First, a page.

The ramifications of human activity on the island of Madagascar will affect the island far longer than previously realized, scientists say.
It could take millions of years for the biodiversity on the island to recover from extinctions spurred by human activity, according to a study published Tuesday in Nature Communications.
The island is home to a plethora of unique animal species, including the Madagascar sucker-footed bat, an ancient family of bats that is found only on Madagascar; the lowland streaked tenrec, from a diverse group of mammals found only on Madagascar; the world's smallest chameleon; the fossa; and the ring-tailed lemur.
At least 17 species of lemurs have already gone extinct on the island, and several other species are threatened with extinction due to human influences such as deforestation, hunting and climate change, according to the study.
Researchers from the U.S., Europe and Madagascar sought to quantify the extent to which humans have disrupted the fauna of Madagascar and forecast future outcomes, assembling a comprehensive dataset of 249 living and recently extinct mammals, including species that disappeared shortly after humans first arrived on the island, such as giant lemurs and dwarf hippos.
The scientists then combined that data with evolutionary history of species and statistical models of their geographical distribution over time.
The impacts were much greater than scientists expected, Luis Valente, author and researcher at the Naturalis Biodiversity Center and the University of Groningen in the Netherlands, told ABC News.
The researchers found that it could take 3 million years for Madagascar to recover the species that have been lost since human arrival if current threats are not mitigated, the study states.
In addition, it could take more than 20 million years to recover if currently threatened species are lost as well, the researchers said.
"We knew that there's a lot of species that are threatened in Madagascar, but we didn't expect it to be such a long timescale that it would take to recover them," Valente said.
Even bat species, which can colonize islands more easily than non-flying mammals, may need about 3 million years to recover, according to the paper. The number of Madagascar's mammal species threatened with extinction has increased dramatically in the past decade, from 56 in 2010 to 128 in 2021.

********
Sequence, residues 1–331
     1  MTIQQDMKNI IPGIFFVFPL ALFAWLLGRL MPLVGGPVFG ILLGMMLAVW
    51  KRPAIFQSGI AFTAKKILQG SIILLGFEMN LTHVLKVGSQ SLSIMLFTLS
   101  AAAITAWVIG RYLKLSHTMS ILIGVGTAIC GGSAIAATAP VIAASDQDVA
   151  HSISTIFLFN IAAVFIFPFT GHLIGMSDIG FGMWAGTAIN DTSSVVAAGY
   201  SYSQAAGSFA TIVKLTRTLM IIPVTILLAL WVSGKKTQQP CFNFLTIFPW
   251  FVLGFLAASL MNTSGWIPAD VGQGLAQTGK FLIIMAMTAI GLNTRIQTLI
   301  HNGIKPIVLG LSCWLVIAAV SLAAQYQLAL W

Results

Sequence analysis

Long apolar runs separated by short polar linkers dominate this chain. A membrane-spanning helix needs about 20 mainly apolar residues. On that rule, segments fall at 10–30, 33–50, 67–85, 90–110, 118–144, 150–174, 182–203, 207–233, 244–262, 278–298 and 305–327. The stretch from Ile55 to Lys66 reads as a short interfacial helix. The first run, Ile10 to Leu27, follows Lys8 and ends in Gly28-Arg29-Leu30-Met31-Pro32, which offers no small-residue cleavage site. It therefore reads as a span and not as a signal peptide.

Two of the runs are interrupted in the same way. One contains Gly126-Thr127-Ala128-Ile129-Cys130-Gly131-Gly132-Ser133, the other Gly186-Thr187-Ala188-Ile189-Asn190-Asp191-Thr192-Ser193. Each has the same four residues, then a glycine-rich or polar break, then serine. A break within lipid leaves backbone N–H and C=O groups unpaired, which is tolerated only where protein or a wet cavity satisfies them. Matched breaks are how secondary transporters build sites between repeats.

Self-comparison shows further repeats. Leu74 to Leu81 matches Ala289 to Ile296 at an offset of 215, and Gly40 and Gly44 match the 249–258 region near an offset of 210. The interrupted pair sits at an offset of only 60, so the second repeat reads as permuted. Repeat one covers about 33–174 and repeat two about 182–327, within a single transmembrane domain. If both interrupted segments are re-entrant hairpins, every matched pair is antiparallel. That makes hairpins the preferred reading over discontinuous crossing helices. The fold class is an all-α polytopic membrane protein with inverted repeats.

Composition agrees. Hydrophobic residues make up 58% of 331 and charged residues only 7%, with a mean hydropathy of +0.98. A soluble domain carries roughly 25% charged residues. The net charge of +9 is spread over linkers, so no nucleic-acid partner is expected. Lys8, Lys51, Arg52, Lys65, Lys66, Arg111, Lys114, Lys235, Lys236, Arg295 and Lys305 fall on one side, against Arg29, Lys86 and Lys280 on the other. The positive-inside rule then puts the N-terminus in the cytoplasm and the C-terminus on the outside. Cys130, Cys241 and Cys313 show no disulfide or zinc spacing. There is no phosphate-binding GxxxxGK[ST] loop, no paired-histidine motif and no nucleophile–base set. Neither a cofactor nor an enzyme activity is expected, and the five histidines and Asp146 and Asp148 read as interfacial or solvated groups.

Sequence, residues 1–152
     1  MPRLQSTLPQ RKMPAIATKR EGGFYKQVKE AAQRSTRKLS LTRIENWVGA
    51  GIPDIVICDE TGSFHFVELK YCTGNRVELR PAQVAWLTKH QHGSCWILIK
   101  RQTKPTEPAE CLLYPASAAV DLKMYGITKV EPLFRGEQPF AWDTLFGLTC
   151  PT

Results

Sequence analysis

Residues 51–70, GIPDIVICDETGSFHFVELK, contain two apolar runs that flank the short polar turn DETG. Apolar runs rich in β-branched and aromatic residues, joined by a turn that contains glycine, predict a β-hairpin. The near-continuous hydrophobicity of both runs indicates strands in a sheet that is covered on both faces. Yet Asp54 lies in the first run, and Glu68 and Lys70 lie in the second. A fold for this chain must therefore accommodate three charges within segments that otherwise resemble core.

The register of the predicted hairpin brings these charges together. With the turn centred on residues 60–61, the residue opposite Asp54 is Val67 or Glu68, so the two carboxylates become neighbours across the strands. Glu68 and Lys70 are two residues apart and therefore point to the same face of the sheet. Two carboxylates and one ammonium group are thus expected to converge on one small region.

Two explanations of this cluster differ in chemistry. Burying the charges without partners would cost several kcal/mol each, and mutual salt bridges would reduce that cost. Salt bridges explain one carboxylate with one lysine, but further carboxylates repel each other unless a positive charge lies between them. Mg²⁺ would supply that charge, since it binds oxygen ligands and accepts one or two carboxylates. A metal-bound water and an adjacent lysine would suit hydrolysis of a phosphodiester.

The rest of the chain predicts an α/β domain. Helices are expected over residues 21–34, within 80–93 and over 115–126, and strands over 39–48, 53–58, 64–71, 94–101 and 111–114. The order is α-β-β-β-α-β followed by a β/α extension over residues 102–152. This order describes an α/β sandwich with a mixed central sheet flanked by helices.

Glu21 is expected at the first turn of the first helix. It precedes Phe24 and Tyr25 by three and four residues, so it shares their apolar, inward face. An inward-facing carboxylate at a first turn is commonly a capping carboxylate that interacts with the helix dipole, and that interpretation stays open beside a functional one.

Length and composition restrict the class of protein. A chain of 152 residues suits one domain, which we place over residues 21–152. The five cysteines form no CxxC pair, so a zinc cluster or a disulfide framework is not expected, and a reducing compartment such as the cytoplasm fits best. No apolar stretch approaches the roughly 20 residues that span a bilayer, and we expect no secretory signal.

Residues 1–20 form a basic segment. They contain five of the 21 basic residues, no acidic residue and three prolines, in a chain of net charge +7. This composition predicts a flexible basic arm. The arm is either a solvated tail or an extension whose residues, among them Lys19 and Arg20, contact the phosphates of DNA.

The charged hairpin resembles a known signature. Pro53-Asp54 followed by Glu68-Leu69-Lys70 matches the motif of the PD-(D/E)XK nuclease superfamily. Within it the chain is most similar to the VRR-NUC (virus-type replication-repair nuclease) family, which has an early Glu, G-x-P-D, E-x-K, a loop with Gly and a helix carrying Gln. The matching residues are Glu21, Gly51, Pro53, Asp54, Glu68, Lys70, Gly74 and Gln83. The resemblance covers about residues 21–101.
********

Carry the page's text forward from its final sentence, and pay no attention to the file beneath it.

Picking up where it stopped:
The timescale, termed "evolutionary return time," will take longer than other island nations because the human impact has been limited in comparison to a place like New Zealand, Valente said. Although humans first arrived on Madagascar about 2,500 years ago, the bulk of the damage from human expansion has been done in the past 100 years, leaving much of the island's forests in pristine condition, he added.
Essentially, because Madagascar is "catching up" to other island nations in terms of detrimental human activity, it stands to lose a lot more in the future, Valente said.
"The amount of history we stand to lose on Madagascar is larger than in any other system that we've looked at," Valente said.
Deforestation for the purpose of planting crops has been the main culprit of human expansion over the last century, but communities are also beginning to encroach farther into forests to hunt bushmeat, such as lemurs, Valente said. Combined with climate change, the longevity of many species on the island is at risk.
The findings suggest that immediate conservation efforts are needed to avoid long-lasting biodiversity losses, including programs that include socio-economic improvements for local human populations, reducing forest loss in the remaining natural habitats and limiting artisanal and commercial resource exploitation, such as of hardwoods and animals for the bushmeat trade, the scientists said.
The expansion and enforcement of protected areas will be necessary as well, Valente said.
Without timely conservation actions, the biodiversity of Madagascar could be impacted for millions of years, the scientists said.